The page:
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Spotlight On... Medicaid Personal Care Services


Are taxpayers footing the bill for improper Medicaid claims for personal care services?

The answer is yes, according to the Office of Inspector General (OIG) of the Department of Health & Human Services. Ongoing and completed OIG work examines Medicaid's payment for these services around the country - the two most recent reports related to audits conducted in North Carolina and Washington State. These audits recommend that the two States refund more than $61.1 million to the Federal Government and call upon the Centers for Medicare & Medicaid Services (CMS) to review an additional $30.3 million in tax dollars that are potentially unallowable.

OIG's review found improper claims:

  • without the required documentation,
  • for services not included in the States' plans of care,
  • for services provided without medical supervision, and
  • for services in which the qualifications for the in-home providers could not be verified.

View the audits on Medicaid payments for personal care services in North Carolina, and for services provided in Washington state. These two audits are part of a larger body of OIG work examining Medicaid personal services. Related work is described and linked below.

What are "Personal Care Services"?

A personal care assistant helping with food preparation for an elderly woman at home

Personal care services are nonmedical services provided to assist with activities of daily living, such as bathing, dressing, light housework, medication management, meal preparation, and transportation. It takes only one accident or illness for anyone to need assistance with these everyday activities.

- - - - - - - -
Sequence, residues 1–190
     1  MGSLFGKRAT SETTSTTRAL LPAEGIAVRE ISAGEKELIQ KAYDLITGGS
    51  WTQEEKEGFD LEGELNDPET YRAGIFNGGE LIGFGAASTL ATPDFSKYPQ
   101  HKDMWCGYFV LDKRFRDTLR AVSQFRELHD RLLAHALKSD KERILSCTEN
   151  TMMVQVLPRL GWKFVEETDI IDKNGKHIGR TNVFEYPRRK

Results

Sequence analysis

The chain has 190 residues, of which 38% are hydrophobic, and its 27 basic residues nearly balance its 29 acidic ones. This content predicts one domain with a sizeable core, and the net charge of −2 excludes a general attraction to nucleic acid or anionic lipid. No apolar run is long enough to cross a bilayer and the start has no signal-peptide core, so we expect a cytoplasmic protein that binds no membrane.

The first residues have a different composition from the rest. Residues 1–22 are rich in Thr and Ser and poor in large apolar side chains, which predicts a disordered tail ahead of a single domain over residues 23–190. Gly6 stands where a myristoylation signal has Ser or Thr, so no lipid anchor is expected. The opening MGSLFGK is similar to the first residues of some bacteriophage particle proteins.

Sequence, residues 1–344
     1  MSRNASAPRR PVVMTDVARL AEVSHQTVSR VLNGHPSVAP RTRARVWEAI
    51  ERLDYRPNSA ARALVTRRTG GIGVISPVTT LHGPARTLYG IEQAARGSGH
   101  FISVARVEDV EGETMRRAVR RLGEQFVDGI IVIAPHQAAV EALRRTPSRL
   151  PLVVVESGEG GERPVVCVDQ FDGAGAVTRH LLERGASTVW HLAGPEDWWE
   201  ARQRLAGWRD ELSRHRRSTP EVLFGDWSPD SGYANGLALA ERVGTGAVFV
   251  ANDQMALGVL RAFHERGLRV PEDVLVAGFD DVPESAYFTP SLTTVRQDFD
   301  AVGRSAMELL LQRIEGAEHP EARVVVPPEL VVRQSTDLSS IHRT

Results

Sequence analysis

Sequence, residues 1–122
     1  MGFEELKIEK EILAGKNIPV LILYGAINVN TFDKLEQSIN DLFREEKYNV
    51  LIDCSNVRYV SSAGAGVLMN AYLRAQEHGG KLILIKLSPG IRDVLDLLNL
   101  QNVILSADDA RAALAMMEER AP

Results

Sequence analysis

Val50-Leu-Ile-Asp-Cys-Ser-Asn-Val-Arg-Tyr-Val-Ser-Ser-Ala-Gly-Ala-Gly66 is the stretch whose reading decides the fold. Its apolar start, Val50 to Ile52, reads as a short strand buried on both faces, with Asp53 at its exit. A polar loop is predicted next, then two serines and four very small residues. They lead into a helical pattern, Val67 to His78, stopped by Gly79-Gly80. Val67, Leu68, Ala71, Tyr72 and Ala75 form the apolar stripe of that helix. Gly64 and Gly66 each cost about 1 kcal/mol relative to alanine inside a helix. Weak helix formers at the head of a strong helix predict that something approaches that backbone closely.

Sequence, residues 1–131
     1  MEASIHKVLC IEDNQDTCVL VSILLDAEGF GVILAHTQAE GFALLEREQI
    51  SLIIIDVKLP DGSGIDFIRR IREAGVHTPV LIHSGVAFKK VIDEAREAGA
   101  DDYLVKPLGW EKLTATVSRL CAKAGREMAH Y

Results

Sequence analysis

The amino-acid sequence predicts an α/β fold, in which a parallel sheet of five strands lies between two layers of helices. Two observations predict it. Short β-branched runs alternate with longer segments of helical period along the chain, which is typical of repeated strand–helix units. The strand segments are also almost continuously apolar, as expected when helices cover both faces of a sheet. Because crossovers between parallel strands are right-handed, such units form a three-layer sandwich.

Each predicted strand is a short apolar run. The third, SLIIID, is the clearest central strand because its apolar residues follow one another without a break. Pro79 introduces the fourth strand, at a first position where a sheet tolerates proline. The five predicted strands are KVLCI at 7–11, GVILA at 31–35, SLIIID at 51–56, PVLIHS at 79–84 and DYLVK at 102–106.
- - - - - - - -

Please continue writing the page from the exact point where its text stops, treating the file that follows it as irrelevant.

Already the combined Federal and State bill for personal care services is high and rising. In 2004, the Nation paid $8.25 billion for these services. Just 2 years later, the bill had increased by 20 percent to reach $9.9 billion, and in 2010 it continued to grow, reaching to $13.1 billion.

Related OIG Findings

OIG has reviewed the qualifications of attendants providing personal care services to Medicaid patients and audited Medicaid personal care services claims in New York. The following are highlights of OIG's significant findings, with links to the relevant reports.

Requirements for Personal Care Service Attendants

Improper Claims (OEI-07-08-00430) and Varying State Requirements (OEI-07-05-00250)

  • Across 10 States, Medicaid improperly paid $724 million for personal care services provided by attendants with undocumented qualifications.
  • States establish attendant qualifications, which include safeguards such as criminal background checks, minimum age requirements, or education and training requirements. For 18 percent of claims, attendants' qualifications were undocumented.
  • States have established multiple sets of attendant requirements that often vary among programs and by delivery models within programs, resulting in 301 sets of attendant requirements nationwide. Inconsistencies in requirements and fragmented oversight make it harder for States to ensure that attendant requirements are met.

Improper Payments for Medicaid Personal Care Services

New York City (A-02-07-01054) and New York State (A-02-08-01005)

  • New York City (NYC): OIG estimates that in NYC alone, $275.3 million in Federal funds were improperly claimed by New York in 2004 through 2006 for Medicaid personal care services that did not meet Federal and State requirements.
  • New York State (excluding NYC): More than $100.3 million in Federal tax dollars were claimed improperly by New York State (excluding NYC) from 2004 through 2006 for Medicaid personal care services.
  • In both reviews, Medicaid patients reported to OIG problems with their personal care services providers. The most serious allegations included physical abuse or threats of abuse, property theft, and patient abandonment.


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Office of Inspector General, U.S. Department of Health and Human Services | 330 Independence Avenue, SW, Washington, DC 20201